Is More Weight Protective? Weight Gain and High BMI Linked to Lower Risk of ALS
Newswise — MINNEAPOLIS – People who have a high body mass index (BMI) or who gain weight as they get older may have a lower risk of amyotrophic lateral sclerosis (ALS), also known as Lou Gehrig’s disease, according to a large study published in the June 26, 2019, online issue of Neurology®, the medical journal of the American Academy of Neurology.
ALS is a rare, progressive neurodegenerative disease that affects nerve cells in the brain and the spinal cord. People with ALS lose the ability to initiate and control muscle movement, which often leads to total paralysis and death. The average life span after diagnosis is two to five years.
BMI is a measure of a person’s body size based on their height and weight. People are considered underweight if they have a BMI lower than 18.5 kg/m2, healthy if it is between 18.5 and 24.9, overweight if they have a BMI of 25 to 29 and obese with a BMI 30 or higher.
“It is important to note that while our study found a link between high BMI and a lower risk of ALS, it is possible that genetics could make a person more likely to have both a low BMI and a higher risk of ALS without one causing another,” said study author Ola Nakken, MD, of the University of Oslo in Norway. “People must not interpret the results of our study as a suggestion that gaining weight may prevent ALS. Plus, the health risks of having a high BMI would be greater than any protective effect.”
For the study, researchers reviewed a Norwegian database that included BMI measurements for the majority of people living in Norway between 1963 and 1975. Researchers included nearly 1.5 million people in the study, identifying 2,968 people who later developed ALS over an average of 33 years. Many people in the database also completed follow-up surveys about lifestyle and health, including weight change.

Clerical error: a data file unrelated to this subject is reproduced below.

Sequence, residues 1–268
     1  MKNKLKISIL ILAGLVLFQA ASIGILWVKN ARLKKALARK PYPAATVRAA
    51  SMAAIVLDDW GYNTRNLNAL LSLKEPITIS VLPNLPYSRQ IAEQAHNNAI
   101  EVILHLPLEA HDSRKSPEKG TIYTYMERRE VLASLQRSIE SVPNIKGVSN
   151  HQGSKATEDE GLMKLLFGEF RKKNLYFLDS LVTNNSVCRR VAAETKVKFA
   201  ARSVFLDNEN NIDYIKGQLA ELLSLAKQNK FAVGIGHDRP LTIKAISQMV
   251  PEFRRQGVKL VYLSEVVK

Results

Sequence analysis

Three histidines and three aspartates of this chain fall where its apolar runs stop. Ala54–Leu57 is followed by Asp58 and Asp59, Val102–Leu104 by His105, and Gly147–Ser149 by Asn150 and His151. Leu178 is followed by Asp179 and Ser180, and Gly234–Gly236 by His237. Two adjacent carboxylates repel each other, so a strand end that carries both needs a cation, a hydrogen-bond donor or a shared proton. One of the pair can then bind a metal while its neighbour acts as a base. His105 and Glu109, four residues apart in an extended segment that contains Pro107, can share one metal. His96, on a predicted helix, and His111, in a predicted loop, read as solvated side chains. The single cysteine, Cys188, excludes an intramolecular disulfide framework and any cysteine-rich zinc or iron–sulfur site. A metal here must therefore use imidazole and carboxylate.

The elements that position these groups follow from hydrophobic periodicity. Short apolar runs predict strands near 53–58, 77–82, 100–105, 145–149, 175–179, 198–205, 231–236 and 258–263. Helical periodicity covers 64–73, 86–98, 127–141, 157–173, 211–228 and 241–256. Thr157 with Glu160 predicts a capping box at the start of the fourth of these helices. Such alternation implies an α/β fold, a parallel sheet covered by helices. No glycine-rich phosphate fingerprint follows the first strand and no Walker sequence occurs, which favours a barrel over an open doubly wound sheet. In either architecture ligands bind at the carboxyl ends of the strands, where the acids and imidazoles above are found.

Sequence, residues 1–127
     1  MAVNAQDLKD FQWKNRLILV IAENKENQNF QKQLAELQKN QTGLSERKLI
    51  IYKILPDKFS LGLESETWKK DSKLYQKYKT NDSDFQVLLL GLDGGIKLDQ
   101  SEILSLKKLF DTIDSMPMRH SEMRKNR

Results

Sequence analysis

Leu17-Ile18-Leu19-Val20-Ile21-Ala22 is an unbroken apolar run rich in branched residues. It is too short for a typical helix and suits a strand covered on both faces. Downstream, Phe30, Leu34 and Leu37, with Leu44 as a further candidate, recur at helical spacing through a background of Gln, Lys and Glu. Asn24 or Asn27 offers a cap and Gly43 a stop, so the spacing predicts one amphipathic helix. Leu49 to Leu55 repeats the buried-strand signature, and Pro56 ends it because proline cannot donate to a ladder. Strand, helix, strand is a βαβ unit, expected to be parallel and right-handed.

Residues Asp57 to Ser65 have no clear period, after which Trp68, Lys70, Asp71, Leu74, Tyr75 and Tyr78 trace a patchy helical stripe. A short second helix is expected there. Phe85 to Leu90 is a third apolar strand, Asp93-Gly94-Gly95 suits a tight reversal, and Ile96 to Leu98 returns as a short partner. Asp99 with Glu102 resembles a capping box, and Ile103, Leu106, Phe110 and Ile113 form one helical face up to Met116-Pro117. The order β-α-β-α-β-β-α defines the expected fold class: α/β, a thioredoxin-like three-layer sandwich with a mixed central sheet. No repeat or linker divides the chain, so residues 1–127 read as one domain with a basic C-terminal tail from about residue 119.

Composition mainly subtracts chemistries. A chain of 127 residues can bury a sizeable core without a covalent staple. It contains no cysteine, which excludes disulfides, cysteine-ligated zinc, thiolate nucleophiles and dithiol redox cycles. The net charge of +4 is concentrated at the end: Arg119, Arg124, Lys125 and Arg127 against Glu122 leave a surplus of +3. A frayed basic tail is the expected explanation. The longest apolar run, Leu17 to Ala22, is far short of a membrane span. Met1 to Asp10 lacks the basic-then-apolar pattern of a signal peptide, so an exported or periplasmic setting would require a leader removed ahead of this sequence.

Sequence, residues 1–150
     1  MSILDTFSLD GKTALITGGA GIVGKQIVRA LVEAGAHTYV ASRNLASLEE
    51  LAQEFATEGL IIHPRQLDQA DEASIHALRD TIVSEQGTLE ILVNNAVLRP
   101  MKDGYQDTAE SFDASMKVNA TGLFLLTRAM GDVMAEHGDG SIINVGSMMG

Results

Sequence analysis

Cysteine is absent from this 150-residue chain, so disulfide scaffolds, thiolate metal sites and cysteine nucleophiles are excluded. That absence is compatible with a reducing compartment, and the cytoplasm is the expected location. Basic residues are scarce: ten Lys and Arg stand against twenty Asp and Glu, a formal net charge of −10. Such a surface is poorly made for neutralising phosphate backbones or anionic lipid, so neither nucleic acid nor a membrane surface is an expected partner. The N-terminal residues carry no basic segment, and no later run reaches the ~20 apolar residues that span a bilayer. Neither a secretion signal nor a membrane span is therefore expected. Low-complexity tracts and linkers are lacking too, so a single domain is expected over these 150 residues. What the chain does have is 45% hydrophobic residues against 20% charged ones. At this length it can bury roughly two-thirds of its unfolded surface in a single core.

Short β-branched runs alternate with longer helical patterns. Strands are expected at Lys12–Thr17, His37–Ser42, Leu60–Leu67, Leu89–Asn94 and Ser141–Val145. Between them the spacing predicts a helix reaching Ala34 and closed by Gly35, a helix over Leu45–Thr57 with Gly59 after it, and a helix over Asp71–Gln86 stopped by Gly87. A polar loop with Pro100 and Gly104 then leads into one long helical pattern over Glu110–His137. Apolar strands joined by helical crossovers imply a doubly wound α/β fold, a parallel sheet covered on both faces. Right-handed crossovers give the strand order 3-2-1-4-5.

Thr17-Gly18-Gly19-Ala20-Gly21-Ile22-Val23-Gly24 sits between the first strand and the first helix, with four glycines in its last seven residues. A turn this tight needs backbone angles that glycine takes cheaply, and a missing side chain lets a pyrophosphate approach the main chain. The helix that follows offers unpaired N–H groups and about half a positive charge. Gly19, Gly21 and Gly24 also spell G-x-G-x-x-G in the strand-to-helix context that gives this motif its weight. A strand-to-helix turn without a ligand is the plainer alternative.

Researchers found that for every five-point increase in BMI from the low-normal BMI range, from the start to the end of the study, there was a 17-percent lower risk of developing ALS later. Of the 468,853 people in the low-normal range, 1,002 people developed ALS, or 0.21 percent. Of the 139,158 people in the obese range, 182 people developed ALS, or 0.13 percent.
After 50 years, participants had a 31-percent lower risk of developing ALS for every five-point increase in BMI.
The researchers also found that people who had a BMI in the obese range at the start of the study had a 34-percent lower chance of developing ALS compared to people in the low-normal BMI range, and people who had a BMI in the overweight range had an 18-percent lower risk.
Participants who gained the most weight had a 37-percent lower risk of ALS than those who didn’t gain weight or lost weight.
The results remained the same after adjusting for smoking, cholesterol levels and physical activity.
“While some cases of ALS are genetic, most cases do not appear to have a genetic cause, and an increasing body of evidence suggests that there may be a link between a fast metabolism that can lead to a low BMI and ALS,” said Nakken. “Much more research is needed to further examine the relationship between BMI and ALS.”
A limitation of the study was that most participants were white, so the results may not be the same for other populations.
The study was supported by ALS Norway.
Learn more about the ALS at BrainandLife.org, home of the American Academy of Neurology’s free patient and caregiver magazine focused on the intersection of neurologic disease and brain health. Follow Brain & Life® on Facebook, Twitter and Instagram.
The American Academy of Neurology is the world’s largest association of neurologists and neuroscience professionals, with more than 36,000 members. The AAN is dedicated to promoting the highest quality patient-centered neurologic care. A neurologist is a doctor with specialized training in diagnosing, treating and managing disorders of the brain and nervous system such as Alzheimer’s disease, stroke, migraine, multiple sclerosis, concussion, Parkinson’s disease and epilepsy.